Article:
Written by: Leon Cheong
In a city as socially liberal as Palo Alto, blatant discrimination against gay people is hard to find. For the most part, people practice tolerance and good will towards people of all ethnic backgrounds, religious affiliations, political creeds and sexual orientation. These laudable efforts towards lesbian, gay, bisexual and transgender (LGBT) acceptance can be seen through events such as Not In Our Schools (NIOS) week. However, I feel alarmed when I see that at times, people take this locally blissful tolerance for granted when, in other regions around the globe, homophobia is magnified to the point where legislation is passed to directly attack gay people. Even California has yet to repeal Proposition 8, which has banned gay marriage in the state. There have been instances when we have faced the weight of this problem, primarily when the Westboro Baptist Church brought a hate rally directly across the street from Gunn. Despite this, many Gunn students have yet to realize the gravity of the intolerance of gay people that exists outside of tolerant regions, as well as the nation’s general failure to address this problem. Aside from the occasional scattered protests many, Americans have failed to accrue a substantial public effort to curb these national and international injustices. Citizens must come to realize that this country cannot justly operate under these conditions of established inequality.
The argument for and against LGBT rights undeniably spawns from people’s ideals that may come from upbringing, religion or other personal factors. So long as unique cultures, religions and ethnic groups exist, there will always be people who will struggle to keep their own feelings of discomfort or superiority at bay. This does not, however, give people the right to attempt to oppress a specific demographic. It is morally and constitutionally wrong to try and instigate one’s own principles, religious or otherwise, unto the American political system in a way that compromises the institution of equality. Things like bigotry and racism are not completely solvable problems. However, we must take action to prevent government support of these ideas, such as legislation that denies same-sex couples the right to marry. It is not constitutionally sound to perpetuate a system in which there will always be a certain group or groups of people who will be oppressed in some form or another. This is a dilemma that has encompassed many people and has plagued the nation for too long. In response, the American people must take action.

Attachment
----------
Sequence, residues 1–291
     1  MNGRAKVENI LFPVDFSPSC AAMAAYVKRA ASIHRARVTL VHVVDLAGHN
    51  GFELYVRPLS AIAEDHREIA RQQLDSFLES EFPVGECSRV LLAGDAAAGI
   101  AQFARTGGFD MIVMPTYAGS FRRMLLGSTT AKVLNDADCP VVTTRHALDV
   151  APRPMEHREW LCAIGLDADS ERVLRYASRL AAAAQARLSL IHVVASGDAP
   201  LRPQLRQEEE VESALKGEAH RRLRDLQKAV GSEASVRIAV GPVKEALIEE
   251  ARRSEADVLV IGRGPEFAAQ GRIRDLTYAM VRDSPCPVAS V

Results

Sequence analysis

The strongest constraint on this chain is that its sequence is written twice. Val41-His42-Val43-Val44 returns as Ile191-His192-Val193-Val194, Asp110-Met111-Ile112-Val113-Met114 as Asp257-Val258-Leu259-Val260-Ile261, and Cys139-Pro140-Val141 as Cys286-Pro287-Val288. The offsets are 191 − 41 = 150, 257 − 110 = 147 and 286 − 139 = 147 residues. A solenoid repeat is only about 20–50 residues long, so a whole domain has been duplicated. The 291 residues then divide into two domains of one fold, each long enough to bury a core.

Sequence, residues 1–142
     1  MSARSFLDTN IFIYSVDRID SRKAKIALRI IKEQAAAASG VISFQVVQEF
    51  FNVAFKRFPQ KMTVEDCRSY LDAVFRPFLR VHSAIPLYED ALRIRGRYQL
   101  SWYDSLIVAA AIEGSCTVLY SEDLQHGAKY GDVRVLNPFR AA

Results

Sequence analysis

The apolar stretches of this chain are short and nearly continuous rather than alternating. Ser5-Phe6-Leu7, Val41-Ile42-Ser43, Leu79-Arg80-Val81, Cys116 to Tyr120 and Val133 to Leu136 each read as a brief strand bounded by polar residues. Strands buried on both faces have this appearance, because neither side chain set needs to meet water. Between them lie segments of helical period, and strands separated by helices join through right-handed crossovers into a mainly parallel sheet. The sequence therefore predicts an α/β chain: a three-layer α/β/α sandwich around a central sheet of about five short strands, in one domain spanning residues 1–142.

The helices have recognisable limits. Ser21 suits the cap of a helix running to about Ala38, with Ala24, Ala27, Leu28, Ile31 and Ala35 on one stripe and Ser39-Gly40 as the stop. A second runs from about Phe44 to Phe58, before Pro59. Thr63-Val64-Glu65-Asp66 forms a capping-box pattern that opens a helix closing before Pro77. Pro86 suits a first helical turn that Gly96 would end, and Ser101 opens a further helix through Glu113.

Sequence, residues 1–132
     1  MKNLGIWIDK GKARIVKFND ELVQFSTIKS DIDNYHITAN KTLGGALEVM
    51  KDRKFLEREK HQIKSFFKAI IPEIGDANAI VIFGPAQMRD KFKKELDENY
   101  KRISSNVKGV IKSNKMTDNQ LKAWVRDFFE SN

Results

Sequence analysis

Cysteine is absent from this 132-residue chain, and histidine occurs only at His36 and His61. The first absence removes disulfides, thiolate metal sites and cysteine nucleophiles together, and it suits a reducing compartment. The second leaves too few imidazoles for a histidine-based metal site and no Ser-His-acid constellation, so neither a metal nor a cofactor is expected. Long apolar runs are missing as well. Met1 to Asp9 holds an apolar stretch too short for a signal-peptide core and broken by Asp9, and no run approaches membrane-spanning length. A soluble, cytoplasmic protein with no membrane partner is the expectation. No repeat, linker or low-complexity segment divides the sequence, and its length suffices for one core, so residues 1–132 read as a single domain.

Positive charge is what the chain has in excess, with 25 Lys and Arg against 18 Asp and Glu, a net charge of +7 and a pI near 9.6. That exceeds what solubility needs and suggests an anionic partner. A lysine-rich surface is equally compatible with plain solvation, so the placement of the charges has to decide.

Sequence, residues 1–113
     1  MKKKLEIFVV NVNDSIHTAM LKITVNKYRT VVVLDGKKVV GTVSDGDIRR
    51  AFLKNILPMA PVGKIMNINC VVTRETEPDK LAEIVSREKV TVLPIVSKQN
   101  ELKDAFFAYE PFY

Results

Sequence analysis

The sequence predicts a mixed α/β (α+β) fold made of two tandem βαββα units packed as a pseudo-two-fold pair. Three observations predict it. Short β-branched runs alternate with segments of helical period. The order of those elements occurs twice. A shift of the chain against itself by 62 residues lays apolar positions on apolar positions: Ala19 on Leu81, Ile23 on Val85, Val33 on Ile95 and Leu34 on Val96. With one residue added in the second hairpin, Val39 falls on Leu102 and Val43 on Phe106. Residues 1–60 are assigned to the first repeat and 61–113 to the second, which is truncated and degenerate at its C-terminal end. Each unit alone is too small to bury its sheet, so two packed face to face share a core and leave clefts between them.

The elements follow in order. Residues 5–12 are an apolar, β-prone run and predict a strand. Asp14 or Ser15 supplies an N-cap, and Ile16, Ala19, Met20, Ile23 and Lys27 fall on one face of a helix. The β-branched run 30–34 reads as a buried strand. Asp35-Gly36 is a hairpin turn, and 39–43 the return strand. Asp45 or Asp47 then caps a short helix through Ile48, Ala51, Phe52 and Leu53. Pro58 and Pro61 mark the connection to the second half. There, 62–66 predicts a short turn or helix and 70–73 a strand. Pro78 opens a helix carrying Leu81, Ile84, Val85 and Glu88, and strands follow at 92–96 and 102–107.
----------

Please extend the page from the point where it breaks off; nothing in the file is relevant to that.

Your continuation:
The nature of today’s activism for gay rights has echoed across centuries of movements for equality. The efforts of people to create a nation blind to sexuality mirrors that of the people who made America a place where people of all races would be treated equally on political, social and economic spectrums. The progress that has been made between the era before the Civil Rights Movement of the mid-20th century and now has been astounding on an exponential level. The strive for LGBT equality has the potential to become the Civil Rights Movement of our era. I see two movements side by side with different motives, different time periods and different demographics, but with identical goals, identical justifications and identical struggles. If people successfully mimic the vehement drive of vigor and determination of the people who fought for racial equality not long ago, then one day, America will find itself a nation blind to sexual orientation. At this moment, a social and legislative battle must be fought. The ultimate goal of equality and acceptance is far, but is not out of reach.